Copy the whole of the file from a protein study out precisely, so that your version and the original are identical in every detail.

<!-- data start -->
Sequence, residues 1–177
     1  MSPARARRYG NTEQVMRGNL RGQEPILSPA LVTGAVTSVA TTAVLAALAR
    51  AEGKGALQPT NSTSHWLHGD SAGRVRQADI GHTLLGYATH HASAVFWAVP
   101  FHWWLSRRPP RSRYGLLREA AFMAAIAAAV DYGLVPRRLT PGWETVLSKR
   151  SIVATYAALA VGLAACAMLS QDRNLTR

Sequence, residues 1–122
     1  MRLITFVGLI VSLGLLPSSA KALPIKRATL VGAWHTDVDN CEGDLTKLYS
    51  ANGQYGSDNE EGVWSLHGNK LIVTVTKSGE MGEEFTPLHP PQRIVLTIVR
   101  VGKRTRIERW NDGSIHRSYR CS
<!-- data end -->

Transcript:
Sequence, residues 1–177
     1  MSPARARRYG NTEQVMRGNL RGQEPILSPA LVTGAVTSVA TTAVLAALAR
    51  AEGKGALQPT NSTSHWLHGD SAGRVRQADI GHTLLGYATH HASAVFWAVP
   101  FHWWLSRRPP RSRYGLLREA AFMAAIAAAV DYGLVPRRLT PGWETVLSKR
   151  SIVATYAALA VGLAACAMLS QDRNLTR

Sequence, residues 1–122
     1  MRLITFVGLI VSLGLLPSSA KALPIKRATL VGAWHTDVDN CEGDLTKLYS
    51  ANGQYGSDNE EGVWSLHGNK LIVTVTKSGE MGEEFTPLHP PQRIVLTIVR
   101  VGKRTRIERW NDGSIHRSYR CS